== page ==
However, they do not have the most fragrant smell. But sometimes a weird smell can be very useful! This brightly colored family of plants strive to be the most helpful blooms in the garden. They do not seek to hold the crown as the most beautiful or ostentatious, but they do win the role of the most congenial and helpful companion flowers of the garden, in my opinion. Much of my childhood was spent with my garden loving grandparents who ALWAYS planted marigolds every year. They loved to include companion plants that would assist others with nutrients, run off rabbits, distract and confuse invasive pests, and a variety of other helpful tasks. The marigold is an ideal border to have around your home garden for a variety of reasons. To name a few:
1. Marigolds can be eaten after removing any white or green parts. Try them in salads, frozen in ice cubes, used to liven up stir fry, and even give color as a saffron substitute. The best varieties for cooking include the French Marigold (Tagetes patula), Gem Marigolds (Tagetes tenuifolia), and Mexican Mint Marigold (Tagetes lucida).
2. Marigolds suppress nematode outbreaks in the soil when used as companion plants to tomatoes, peppers, beans, okra, etc. Nematodes are a kind of worm that will destroy your favorite veggie providers.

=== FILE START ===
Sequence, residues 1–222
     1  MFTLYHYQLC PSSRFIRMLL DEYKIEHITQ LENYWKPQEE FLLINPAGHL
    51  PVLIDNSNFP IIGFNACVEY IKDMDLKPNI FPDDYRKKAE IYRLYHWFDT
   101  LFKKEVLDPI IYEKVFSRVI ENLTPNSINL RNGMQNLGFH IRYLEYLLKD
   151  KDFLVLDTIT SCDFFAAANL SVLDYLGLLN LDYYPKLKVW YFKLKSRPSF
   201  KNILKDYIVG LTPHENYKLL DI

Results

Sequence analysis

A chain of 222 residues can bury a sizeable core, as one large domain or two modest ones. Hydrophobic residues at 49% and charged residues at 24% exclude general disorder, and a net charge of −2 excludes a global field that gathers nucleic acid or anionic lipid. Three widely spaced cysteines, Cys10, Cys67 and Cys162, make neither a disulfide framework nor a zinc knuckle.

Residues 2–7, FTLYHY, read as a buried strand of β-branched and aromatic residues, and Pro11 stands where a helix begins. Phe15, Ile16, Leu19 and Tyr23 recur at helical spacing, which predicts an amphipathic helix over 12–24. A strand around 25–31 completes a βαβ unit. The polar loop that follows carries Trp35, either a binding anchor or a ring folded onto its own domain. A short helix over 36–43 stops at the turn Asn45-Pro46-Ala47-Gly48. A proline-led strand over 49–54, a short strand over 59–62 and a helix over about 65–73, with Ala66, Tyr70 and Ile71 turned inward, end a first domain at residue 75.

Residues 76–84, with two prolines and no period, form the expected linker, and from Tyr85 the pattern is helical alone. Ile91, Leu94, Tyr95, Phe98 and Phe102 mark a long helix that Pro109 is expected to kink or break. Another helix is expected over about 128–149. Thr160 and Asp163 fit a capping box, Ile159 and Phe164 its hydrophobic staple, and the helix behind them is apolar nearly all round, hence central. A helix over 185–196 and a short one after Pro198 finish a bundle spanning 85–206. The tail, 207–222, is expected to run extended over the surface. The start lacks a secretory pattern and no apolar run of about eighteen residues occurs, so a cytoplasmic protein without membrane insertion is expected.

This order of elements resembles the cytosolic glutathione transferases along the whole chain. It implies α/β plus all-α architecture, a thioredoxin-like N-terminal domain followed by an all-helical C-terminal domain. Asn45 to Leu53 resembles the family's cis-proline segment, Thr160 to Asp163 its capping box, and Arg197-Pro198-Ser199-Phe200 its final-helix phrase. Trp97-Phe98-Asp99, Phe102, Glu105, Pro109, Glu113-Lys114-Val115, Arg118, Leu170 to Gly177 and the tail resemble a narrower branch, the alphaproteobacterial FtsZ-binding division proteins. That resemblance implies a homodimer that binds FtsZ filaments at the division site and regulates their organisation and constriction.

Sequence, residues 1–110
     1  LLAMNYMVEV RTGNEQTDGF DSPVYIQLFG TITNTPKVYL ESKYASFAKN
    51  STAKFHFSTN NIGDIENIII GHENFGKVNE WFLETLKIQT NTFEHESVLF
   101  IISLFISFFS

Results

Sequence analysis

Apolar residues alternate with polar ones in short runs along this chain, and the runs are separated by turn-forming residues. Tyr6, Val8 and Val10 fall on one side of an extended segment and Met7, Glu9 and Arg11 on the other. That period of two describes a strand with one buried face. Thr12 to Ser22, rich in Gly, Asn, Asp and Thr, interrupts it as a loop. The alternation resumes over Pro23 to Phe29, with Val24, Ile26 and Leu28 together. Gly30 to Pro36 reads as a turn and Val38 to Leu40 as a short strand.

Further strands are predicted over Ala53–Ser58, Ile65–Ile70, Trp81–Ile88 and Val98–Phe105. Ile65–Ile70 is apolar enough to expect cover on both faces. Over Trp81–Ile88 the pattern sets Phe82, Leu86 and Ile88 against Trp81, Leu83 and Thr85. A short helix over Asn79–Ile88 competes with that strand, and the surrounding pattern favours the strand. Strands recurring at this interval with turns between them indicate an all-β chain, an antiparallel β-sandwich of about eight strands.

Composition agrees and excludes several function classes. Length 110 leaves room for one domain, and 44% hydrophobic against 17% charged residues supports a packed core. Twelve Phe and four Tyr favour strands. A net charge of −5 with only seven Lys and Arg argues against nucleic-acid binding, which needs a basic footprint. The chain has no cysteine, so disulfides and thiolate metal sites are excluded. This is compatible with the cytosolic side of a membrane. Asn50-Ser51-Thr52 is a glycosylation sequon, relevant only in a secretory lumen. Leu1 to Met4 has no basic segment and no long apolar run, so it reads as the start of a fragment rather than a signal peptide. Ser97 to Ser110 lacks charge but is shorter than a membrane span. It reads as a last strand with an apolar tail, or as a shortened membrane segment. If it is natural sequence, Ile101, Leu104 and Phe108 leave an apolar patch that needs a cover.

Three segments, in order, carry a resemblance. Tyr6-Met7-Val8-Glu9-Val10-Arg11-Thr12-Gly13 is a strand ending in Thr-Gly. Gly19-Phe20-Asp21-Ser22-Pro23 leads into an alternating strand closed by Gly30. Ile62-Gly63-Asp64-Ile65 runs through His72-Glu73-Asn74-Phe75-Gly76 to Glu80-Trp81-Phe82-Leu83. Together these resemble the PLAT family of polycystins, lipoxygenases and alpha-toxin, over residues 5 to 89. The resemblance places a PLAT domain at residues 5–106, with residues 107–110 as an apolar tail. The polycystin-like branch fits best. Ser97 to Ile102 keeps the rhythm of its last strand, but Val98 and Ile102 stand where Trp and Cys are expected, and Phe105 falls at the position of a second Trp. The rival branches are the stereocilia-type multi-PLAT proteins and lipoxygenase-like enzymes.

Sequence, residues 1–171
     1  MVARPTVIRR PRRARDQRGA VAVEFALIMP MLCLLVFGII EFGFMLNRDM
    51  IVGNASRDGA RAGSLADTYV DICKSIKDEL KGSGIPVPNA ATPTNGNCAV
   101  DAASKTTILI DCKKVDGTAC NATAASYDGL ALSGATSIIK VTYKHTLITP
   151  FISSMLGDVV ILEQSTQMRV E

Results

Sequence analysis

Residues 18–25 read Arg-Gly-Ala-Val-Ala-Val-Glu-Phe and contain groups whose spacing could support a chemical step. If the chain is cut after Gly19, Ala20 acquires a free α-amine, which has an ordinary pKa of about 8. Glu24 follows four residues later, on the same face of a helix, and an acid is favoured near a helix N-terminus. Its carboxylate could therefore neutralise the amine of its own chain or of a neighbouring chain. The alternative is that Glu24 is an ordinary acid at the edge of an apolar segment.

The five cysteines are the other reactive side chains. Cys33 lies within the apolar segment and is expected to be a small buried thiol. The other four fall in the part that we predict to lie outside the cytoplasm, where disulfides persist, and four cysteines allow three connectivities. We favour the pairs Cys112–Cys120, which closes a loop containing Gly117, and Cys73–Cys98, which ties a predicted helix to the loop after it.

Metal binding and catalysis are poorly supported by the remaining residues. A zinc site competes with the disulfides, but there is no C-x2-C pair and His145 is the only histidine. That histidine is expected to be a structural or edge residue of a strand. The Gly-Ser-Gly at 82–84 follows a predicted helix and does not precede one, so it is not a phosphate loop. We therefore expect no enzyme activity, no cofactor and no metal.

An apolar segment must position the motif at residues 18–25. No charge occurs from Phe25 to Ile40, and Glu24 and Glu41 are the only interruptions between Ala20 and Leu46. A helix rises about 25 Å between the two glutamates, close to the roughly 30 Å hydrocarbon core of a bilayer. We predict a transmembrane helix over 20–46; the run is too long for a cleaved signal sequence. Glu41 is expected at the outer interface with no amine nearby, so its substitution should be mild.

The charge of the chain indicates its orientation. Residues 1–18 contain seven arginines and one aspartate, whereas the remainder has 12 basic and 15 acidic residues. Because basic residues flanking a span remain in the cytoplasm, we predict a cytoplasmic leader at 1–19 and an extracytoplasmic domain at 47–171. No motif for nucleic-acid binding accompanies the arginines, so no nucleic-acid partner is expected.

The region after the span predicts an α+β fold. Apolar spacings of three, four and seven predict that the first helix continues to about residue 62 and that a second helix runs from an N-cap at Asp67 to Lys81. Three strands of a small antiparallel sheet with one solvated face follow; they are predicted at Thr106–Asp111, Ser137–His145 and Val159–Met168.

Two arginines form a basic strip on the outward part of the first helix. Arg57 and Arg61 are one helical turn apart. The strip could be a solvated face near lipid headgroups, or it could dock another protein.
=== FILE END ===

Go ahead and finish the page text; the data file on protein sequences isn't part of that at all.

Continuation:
3. Marigolds are excellent distractors to bugs that we don’t love like Japanese Beetles. The bright attractive blooms confuse their flight paths as they search for veggie plants to devour. The closer the marigold, the better the better the chance of confusing the hungry bug.
4. Marigolds are a wonderful chicken feed for your backyard hen! In fact, dried marigolds are frequently used by farmers to enhance egg yolk color for a super bright Sunny-side-up.
5. Marigolds have long been used for medicinal ailments such as: cramps, fever, sore throat. Just boil some water to about two tablespoons of marigold petals in around 8 ounces of water. Use local honey and a lemon wedge to round out the flavor.
6. Marigolds are a humane and kind way to get rid of Rabbits in your garden. By planting a dense border of marigolds around the perimeter of veggies the Rabbits target you can avoid the need for trapping and relocation of Peter Cotton Tail n friends. Rabbits don’t like the smell of Marigolds.
7. Marigolds can be planted once and will often reseed themselves for the following year. One bloom may contain hundreds of seeds that can harvested as the blooms dry.